+  whereas applying the same to @{prop "y = x \<Longrightarrow> f x = f y \<Longrightarrow> P (f x) \<Longrightarrow>
+  Q"} terminates (without solving the goal):
+*}
+
+lemma "y = x \<Longrightarrow> f x = f y \<Longrightarrow> P (f x) \<Longrightarrow> Q"
+  apply simp
+  oops
+
+  Simplifier trace mode, which often helps to diagnose problems with
+  rewrite systems.
+*}
+
+
subsection {* Declaring rules \label{sec:simp-rules} *}

text {*
--- a/src/Doc/Ref/document/simplifier.tex	Sat Nov 03 21:31:40 2012 +0100
+++ b/src/Doc/Ref/document/simplifier.tex	Sun Nov 04 19:05:34 2012 +0100
@@ -7,90 +7,6 @@
\section{Simplification for dummies}
\label{sec:simp-for-dummies}

-\subsection{Simplification tactics} \label{sec:simp-for-dummies-tacs}
-\begin{ttbox}
-Simp_tac          : int -> tactic
-Asm_simp_tac      : int -> tactic
-Full_simp_tac     : int -> tactic
-Asm_full_simp_tac : int -> tactic
-\end{ttbox}
-
-\begin{ttdescription}
-\item[\ttindexbold{Simp_tac} $i$] simplifies subgoal~$i$ using the
-  current simpset.  It may solve the subgoal completely if it has
-  become trivial, using the simpset's solver tactic.
-
-\item[\ttindexbold{Asm_simp_tac}]\index{assumptions!in simplification}
-  is like \verb$Simp_tac$, but extracts additional rewrite rules from
-  the local assumptions.
-
-\item[\ttindexbold{Full_simp_tac}] is like \verb$Simp_tac$, but also
-  simplifies the assumptions (without using the assumptions to
-  simplify each other or the actual goal).
-
-\item[\ttindexbold{Asm_full_simp_tac}] is like \verb$Asm_simp_tac$,
-  but also simplifies the assumptions. In particular, assumptions can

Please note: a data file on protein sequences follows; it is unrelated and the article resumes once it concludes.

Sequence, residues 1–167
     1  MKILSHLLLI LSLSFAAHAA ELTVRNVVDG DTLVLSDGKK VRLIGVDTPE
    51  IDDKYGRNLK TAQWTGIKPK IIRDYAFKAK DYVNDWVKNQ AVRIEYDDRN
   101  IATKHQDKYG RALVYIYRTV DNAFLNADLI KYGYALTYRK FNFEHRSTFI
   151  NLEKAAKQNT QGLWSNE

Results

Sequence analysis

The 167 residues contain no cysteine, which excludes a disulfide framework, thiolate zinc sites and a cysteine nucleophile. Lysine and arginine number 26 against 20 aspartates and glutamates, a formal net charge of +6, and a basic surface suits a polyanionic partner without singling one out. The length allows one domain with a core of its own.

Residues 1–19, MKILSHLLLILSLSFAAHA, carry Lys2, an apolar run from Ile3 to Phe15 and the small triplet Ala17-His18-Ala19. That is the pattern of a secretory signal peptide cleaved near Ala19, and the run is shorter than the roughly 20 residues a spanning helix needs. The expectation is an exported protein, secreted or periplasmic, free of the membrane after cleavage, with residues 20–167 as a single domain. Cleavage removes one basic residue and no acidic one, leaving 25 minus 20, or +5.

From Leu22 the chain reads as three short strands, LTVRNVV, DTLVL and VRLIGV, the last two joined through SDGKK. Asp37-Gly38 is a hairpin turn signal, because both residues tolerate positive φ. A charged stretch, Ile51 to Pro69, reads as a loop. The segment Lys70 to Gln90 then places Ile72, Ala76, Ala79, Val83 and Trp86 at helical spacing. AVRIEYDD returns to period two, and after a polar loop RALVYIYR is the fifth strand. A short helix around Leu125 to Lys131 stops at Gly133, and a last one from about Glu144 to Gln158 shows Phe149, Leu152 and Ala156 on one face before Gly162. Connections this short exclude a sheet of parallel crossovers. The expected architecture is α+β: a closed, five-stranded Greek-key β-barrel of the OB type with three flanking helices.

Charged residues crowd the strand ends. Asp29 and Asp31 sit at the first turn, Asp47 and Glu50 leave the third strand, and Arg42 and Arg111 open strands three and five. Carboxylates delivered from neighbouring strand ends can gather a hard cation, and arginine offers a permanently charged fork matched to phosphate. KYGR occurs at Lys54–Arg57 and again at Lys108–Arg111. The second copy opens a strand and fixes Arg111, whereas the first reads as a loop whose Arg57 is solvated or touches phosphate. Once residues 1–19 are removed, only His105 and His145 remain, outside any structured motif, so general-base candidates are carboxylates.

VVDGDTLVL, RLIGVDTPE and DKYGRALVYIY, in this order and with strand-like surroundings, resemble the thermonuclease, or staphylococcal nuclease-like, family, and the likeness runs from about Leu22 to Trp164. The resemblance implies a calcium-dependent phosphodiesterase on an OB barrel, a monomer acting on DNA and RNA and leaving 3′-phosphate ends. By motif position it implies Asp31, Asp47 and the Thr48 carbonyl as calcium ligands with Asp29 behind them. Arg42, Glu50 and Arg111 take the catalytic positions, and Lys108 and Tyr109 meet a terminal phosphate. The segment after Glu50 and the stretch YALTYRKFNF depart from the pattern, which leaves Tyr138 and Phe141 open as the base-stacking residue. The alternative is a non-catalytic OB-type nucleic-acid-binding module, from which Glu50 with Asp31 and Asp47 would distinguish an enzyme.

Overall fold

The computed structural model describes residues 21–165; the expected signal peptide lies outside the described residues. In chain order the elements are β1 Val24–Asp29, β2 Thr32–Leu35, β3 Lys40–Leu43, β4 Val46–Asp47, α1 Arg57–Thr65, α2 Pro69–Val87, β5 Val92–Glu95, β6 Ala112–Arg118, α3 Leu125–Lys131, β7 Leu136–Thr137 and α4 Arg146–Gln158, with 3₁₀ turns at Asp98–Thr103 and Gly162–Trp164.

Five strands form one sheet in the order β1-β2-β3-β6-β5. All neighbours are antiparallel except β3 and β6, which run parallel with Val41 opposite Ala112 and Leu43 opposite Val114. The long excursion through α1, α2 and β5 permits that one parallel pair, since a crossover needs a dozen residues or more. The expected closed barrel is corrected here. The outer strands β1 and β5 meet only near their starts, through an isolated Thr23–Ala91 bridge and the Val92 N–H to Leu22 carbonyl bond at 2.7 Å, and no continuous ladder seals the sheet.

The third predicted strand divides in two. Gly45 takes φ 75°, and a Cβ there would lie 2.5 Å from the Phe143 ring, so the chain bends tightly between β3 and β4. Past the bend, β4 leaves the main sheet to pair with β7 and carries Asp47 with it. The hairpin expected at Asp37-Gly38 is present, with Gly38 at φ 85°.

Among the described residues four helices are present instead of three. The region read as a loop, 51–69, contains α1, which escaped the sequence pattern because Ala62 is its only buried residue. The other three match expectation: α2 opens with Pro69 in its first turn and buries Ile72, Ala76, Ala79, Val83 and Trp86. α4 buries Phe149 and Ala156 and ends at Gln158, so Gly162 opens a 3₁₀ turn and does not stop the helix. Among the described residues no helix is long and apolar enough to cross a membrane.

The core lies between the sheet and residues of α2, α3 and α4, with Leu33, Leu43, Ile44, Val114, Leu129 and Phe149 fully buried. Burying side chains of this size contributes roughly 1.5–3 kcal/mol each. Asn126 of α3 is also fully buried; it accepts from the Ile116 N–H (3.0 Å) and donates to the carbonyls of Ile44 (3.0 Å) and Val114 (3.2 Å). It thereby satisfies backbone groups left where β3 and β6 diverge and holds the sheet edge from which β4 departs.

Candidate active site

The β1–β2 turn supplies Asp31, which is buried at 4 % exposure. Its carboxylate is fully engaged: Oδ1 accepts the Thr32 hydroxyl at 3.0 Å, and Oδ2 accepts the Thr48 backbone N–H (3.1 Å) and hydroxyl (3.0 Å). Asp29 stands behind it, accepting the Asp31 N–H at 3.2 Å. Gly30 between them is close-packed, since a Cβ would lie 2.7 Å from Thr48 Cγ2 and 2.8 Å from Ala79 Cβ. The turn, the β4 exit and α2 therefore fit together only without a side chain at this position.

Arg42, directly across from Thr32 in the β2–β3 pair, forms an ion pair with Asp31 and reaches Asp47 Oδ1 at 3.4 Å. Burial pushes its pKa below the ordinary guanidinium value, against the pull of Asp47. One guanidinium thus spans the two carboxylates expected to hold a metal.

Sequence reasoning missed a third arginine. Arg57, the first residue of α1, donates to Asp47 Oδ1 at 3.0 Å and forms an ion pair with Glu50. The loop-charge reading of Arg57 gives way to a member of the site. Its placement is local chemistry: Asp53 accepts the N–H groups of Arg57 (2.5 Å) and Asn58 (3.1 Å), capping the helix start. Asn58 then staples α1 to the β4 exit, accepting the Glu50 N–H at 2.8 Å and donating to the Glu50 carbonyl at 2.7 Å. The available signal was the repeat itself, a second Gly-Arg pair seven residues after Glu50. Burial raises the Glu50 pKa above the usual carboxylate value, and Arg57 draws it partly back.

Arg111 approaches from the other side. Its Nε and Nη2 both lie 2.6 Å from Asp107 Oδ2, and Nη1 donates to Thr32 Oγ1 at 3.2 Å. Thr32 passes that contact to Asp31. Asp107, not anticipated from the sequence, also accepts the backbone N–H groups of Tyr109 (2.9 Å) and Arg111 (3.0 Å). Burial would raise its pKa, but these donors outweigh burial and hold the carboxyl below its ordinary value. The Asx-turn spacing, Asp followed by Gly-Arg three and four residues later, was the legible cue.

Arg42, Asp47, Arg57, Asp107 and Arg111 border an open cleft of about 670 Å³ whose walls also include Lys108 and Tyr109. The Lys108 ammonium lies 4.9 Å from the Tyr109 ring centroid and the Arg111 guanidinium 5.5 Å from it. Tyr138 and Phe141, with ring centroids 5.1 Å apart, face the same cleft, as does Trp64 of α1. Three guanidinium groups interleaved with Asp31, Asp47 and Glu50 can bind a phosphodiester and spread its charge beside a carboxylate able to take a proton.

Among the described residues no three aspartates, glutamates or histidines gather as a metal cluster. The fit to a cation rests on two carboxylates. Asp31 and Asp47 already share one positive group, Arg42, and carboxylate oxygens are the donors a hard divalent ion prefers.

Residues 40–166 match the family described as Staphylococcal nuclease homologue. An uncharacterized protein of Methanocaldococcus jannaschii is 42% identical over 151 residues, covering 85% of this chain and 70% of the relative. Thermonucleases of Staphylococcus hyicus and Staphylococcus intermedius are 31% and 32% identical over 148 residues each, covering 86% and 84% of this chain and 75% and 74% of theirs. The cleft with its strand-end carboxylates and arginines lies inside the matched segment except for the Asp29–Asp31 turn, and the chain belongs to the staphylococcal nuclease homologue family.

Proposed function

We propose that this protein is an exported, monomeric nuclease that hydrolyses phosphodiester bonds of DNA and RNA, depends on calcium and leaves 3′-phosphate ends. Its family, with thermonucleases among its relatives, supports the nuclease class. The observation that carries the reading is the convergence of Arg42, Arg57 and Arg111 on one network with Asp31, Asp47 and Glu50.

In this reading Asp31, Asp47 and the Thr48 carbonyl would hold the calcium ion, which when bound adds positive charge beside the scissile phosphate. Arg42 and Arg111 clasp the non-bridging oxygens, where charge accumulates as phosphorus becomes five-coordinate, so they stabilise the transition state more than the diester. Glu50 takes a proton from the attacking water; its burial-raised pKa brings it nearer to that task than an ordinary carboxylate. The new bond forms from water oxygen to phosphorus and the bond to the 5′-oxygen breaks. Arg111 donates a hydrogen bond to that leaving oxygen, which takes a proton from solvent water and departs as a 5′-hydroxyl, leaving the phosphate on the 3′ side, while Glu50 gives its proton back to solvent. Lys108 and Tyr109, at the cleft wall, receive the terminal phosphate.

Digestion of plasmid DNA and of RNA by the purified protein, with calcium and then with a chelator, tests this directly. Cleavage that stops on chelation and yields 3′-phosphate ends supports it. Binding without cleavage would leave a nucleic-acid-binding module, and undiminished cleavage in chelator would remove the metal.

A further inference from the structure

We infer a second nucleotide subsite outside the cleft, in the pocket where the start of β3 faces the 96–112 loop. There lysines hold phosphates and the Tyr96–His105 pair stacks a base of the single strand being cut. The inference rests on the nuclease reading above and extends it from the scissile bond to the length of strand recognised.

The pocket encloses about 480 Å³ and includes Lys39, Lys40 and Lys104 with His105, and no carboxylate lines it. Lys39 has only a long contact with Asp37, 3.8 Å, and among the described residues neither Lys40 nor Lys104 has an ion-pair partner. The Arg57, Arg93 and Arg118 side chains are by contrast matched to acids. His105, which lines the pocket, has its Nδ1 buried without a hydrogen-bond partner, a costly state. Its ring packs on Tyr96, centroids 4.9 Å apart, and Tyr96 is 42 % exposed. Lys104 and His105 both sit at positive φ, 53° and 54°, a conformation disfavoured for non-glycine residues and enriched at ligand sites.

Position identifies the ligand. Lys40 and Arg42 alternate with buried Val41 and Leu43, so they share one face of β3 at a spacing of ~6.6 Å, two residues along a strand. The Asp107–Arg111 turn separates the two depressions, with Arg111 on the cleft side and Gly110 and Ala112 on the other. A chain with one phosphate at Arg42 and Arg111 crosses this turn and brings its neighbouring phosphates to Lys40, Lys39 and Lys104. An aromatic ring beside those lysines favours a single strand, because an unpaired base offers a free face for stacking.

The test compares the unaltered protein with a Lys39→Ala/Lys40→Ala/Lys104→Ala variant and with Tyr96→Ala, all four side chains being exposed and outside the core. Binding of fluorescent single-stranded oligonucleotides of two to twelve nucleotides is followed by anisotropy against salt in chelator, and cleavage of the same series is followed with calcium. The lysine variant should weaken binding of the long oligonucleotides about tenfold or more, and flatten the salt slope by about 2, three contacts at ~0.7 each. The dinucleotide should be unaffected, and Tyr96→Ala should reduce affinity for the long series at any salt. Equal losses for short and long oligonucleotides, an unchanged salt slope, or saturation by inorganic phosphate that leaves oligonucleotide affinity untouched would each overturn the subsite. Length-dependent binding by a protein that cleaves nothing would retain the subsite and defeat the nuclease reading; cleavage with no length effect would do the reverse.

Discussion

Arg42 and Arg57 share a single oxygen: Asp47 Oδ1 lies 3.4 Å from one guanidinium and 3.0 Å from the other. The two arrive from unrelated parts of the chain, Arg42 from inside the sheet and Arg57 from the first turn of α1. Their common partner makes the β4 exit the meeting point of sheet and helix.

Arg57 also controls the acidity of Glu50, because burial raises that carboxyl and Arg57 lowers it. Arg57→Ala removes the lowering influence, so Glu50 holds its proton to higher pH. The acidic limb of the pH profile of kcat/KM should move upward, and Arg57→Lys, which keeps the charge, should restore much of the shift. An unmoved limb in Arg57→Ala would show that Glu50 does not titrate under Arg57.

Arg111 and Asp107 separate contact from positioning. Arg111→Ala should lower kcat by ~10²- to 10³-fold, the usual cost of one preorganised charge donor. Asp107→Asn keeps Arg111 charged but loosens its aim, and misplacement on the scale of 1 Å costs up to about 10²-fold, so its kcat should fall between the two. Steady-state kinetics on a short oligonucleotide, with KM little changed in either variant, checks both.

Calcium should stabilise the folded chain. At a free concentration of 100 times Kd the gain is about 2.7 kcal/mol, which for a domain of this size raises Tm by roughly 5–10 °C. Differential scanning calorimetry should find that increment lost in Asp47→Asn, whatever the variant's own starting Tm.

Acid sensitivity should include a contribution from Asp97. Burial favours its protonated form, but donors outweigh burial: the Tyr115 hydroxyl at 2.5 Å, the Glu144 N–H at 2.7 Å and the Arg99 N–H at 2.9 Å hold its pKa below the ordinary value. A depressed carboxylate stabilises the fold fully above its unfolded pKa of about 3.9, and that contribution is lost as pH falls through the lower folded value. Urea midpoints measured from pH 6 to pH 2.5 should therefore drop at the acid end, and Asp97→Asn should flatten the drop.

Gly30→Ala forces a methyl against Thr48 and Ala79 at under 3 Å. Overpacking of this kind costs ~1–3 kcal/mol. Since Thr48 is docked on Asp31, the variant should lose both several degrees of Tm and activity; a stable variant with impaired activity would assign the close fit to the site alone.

-  simplify each other.
-\footnote{\texttt{Asm_full_simp_tac} used to process the assumptions from
-  left to right. For backwards compatibilty reasons only there is now
-  \texttt{Asm_lr_simp_tac} that behaves like the old \texttt{Asm_full_simp_tac}.}
-\end{ttdescription}
-
-\medskip
-
-As an example, consider the theory of arithmetic in HOL.  The (rather trivial)
-goal $0 + (x + 0) = x + 0 + 0$ can be solved by a single call of
-\texttt{Simp_tac} as follows:
-\begin{ttbox}
-context Arith.thy;
-Goal "0 + (x + 0) = x + 0 + 0";
-{\out  1. 0 + (x + 0) = x + 0 + 0}
-by (Simp_tac 1);
-{\out Level 1}
-{\out 0 + (x + 0) = x + 0 + 0}
-{\out No subgoals!}
-\end{ttbox}
-
-The simplifier uses the current simpset of \texttt{Arith.thy}, which
-contains suitable theorems like $\Var{n}+0 = \Var{n}$ and $0+\Var{n} = -\Var{n}$.
-
-\medskip In many cases, assumptions of a subgoal are also needed in
-the simplification process.  For example, \texttt{x = 0 ==> x + x = 0}
-is solved by \texttt{Asm_simp_tac} as follows:
-\begin{ttbox}
-{\out  1. x = 0 ==> x + x = 0}
-by (Asm_simp_tac 1);
-\end{ttbox}
-
-\medskip \texttt{Asm_full_simp_tac} is the most powerful of this quartet
-of tactics but may also loop where some of the others terminate.  For
-example,
-\begin{ttbox}
-{\out  1. ALL x. f x = g (f (g x)) ==> f 0 = f 0 + 0}
-\end{ttbox}
-is solved by \texttt{Simp_tac}, but \texttt{Asm_simp_tac} and {\tt
-  Asm_full_simp_tac} loop because the rewrite rule $f\,\Var{x} = -g\,(f\,(g\,\Var{x}))$ extracted from the assumption does not
-terminate.  Isabelle notices certain simple forms of nontermination,
-but not this one. Because assumptions may simplify each other, there can be
-very subtle cases of nontermination. For example, invoking
-{\tt Asm_full_simp_tac} on
-\begin{ttbox}
-{\out  1. [| P (f x); y = x; f x = f y |] ==> Q}
-\end{ttbox}
-gives rise to the infinite reduction sequence
-$-P\,(f\,x) \stackrel{f\,x = f\,y}{\longmapsto} P\,(f\,y) \stackrel{y = x}{\longmapsto} -P\,(f\,x) \stackrel{f\,x = f\,y}{\longmapsto} \cdots -$
-whereas applying the same tactic to
-\begin{ttbox}
-{\out  1. [| y = x; f x = f y; P (f x) |] ==> Q}
-\end{ttbox}
-terminates.
-
-
\subsection{Modifying the current simpset}
\begin{ttbox}
Addsimps    : thm list -> unit